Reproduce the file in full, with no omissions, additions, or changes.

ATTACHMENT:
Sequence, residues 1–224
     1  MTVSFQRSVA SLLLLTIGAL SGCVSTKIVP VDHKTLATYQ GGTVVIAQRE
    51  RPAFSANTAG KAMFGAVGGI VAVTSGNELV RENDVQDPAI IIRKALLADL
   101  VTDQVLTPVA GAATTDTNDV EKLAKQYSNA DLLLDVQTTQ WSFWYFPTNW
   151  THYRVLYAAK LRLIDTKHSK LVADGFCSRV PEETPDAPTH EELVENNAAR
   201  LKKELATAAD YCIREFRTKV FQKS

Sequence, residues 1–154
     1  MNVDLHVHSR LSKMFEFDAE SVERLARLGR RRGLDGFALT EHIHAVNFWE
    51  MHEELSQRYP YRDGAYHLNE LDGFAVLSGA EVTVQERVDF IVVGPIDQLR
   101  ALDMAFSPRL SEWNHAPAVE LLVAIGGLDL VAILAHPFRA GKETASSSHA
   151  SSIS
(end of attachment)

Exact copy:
Sequence, residues 1–224
     1  MTVSFQRSVA SLLLLTIGAL SGCVSTKIVP VDHKTLATYQ GGTVVIAQRE
    51  RPAFSANTAG KAMFGAVGGI VAVTSGNELV RENDVQDPAI IIRKALLADL
   101  VTDQVLTPVA GAATTDTNDV EKLAKQYSNA DLLLDVQTTQ WSFWYFPTNW
   151  THYRVLYAAK LRLIDTKHSK LVADGFCSRV PEETPDAPTH EELVENNAAR
   201  LKKELATAAD YCIREFRTKV FQKS

Sequence, residues 1–154
     1  MNVDLHVHSR LSKMFEFDAE SVERLARLGR RRGLDGFALT EHIHAVNFWE
    51  MHEELSQRYP YRDGAYHLNE LDGFAVLSGA EVTVQERVDF IVVGPIDQLR
   101  ALDMAFSPRL SEWNHAPAVE LLVAIGGLDL VAILAHPFRA GKETASSSHA
   151  SSIS